BSH: The Horror in the Hamptons

Since Dec. 5 when the premier party of “Blood Sweat & Heels” took place, I’ve been on a never-ending press tour to promote the show.  I’ve adhered to the company line about “BSH” being different than “other”—insert shade here— reality shows. In so many multi-syllabic words, my castmates and I have set out in the press to distinguish ourselves in the reality landscape.

But the obvious truth, as viewers witnessed, is that some of the cast’s behavior is completely lacking in common sense, couth and any conception of class. Saying, “Oh, we’re so different” just makes for better spin on press junkets.

Admittedly, BSH makes for great television.  (I’m biased.) I’d like to think I would watch, even if I was not on the show. But what happened in tonight’s episode in the Hamptons it is not what I signed on for.

The Hamptons incident was shameful. There was so much more promise for what could have been shown from that excursion. Brie’s parents home is located in an historical African-American enclave of Sag Harbor. Too often, when we see images of Black success, it’s of entertainers and athletes. The inhabitants of Sag Harbor are Black folk with wealth earned through education and entrepreneurship. That should have been acknowledged.

The Hamptons could have been a great girlfriends getaway, a trip of over-worked women escaping the bustle of the city to relax. But instead it descended into the “fuckery and foolishness” that I predicted (on camera) it would be on the drive out.

Months later, I’m still confused as to exactly why Mica came to the Hamptons—sans boyfriend-  to party with women she only met in the process of taping a TV show. What was so important in the Hamptons?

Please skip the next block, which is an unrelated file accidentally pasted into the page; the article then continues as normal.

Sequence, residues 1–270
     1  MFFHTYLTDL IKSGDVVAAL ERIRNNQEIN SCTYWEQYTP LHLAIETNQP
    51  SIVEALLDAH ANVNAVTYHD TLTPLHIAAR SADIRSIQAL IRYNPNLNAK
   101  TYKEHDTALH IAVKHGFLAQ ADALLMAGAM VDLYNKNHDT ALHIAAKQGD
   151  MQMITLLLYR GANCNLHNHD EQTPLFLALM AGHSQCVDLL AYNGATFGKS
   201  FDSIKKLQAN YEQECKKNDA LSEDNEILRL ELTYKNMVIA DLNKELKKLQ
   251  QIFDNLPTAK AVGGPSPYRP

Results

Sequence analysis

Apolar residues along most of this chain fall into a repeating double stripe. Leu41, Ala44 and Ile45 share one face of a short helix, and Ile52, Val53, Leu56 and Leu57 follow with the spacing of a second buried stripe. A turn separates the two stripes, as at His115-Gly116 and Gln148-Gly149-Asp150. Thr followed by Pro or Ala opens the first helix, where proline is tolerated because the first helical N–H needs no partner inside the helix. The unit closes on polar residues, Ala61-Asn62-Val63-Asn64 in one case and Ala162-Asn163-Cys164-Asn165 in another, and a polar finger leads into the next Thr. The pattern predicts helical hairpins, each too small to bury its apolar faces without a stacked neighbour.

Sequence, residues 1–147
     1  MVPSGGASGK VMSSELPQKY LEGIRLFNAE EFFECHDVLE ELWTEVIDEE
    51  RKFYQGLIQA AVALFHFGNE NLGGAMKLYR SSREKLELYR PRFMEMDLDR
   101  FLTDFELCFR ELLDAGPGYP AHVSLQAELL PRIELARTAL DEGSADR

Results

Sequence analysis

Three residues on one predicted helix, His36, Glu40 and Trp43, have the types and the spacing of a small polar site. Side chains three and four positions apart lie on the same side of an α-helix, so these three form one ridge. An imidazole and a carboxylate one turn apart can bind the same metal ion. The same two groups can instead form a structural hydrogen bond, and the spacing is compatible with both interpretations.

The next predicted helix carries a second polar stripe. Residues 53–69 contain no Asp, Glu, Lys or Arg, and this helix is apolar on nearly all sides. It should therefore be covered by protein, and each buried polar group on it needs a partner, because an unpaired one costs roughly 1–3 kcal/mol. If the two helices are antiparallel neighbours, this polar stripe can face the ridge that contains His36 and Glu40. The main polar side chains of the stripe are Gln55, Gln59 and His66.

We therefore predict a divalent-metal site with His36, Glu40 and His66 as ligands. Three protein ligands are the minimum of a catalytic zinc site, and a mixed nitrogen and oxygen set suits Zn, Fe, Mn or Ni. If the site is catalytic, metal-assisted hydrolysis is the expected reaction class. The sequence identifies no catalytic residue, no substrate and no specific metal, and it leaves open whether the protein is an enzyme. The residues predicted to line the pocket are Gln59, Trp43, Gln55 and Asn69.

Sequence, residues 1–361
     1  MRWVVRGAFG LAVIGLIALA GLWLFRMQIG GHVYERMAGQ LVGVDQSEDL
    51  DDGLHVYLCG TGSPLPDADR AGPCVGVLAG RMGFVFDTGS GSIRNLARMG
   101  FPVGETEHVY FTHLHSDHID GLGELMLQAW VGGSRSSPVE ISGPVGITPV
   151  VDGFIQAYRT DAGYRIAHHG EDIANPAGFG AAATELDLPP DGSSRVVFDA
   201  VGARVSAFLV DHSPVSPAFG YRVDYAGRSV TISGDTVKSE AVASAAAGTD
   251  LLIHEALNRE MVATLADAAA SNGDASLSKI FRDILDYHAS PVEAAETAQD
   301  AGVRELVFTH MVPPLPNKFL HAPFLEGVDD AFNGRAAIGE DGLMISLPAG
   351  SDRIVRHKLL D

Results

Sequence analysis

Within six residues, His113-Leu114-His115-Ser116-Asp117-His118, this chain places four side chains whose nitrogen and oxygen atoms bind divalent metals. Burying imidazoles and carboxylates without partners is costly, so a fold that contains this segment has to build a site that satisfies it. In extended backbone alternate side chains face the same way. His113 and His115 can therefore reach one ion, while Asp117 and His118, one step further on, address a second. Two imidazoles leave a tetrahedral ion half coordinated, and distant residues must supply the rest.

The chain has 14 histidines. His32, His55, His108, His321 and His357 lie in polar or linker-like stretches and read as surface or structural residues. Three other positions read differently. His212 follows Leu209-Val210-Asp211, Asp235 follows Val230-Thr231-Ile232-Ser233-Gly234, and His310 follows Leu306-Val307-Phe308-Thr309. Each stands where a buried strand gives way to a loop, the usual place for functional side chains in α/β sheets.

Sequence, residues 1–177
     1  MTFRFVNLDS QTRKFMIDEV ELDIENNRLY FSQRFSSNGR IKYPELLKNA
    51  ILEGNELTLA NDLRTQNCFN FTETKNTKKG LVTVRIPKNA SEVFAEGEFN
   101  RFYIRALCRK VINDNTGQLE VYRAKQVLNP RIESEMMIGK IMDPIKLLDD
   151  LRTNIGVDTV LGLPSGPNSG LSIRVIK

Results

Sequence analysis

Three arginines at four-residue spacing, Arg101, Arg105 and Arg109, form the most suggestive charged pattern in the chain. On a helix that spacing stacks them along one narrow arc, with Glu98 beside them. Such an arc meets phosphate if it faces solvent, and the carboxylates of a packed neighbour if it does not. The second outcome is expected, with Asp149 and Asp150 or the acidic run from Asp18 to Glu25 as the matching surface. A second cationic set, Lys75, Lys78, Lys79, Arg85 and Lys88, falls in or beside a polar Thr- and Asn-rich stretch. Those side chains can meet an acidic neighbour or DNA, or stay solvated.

I’m also unclear— still— on what happened in that scene. When asked a basic question about Mica being late—which if you haven’t picked up on by now, is a Bravo staple for creating conflict; it’s happened once prior on BSH and on a recent episode of “Real Housewives of Atlanta”—  Mica goes from zero to 60  for absolutely no reason.

In Sag Harbor, I didn’t want to deal with her drunk behavior— the same behavior showcased on every episode thus far—  again. She was clearly looking for a fight. I wasn’t up for it, especially since it’s not like reality stars get Emmys for great meltdowns or blowups. Acting out on camera may be her brand, but it isn’t mine. So I bounced to go powder my nose.

Mica says that made her feel dismissed by us. I felt set-up for another “L” by her.

Mica had an epic meltdown. After listening to her go on and on in the backyard of Brie’s home, loudly, for 20 minutes, Geneva said her piece; I also had enough and told Mica to leave.

Geneva and I went inside the house to get away from Mica. We were not bothering her. She already responded to us. We believed Mica was in the front yard getting into the cab Brie called for her earlier.

Then suddenly Mica’s at Brie’s parents’ back door, trying to rip it off the rail.   There was no justifiable reason for that. And more important, I mean, really, REALLY, who does that anyway… at somebody’s mama house?!?!

Her father’s passing, which she declined to talk about when Geneva asked and did not share with the cast until after her meltdown, is unfortunate. But it is also  reprehensible to use it as an excuse for her obnoxious behavior.

I realized Mica was desperate, angry, unstable and unpredictable in that scene. I also realize there was no security on set. No one thought we’d need it on a show about professional women pursuing their dreams.

Mica’s fight with the door was a fight or flight moment for me. I might not have run off if I’d seen CBW there, pulling the door closed with one hand, shaking Milk Duds with the other, and telling Mica that she wasn’t getting in the house. I didn’t though, so I ran.

I didn’t want to be anywhere near her—still don’t.

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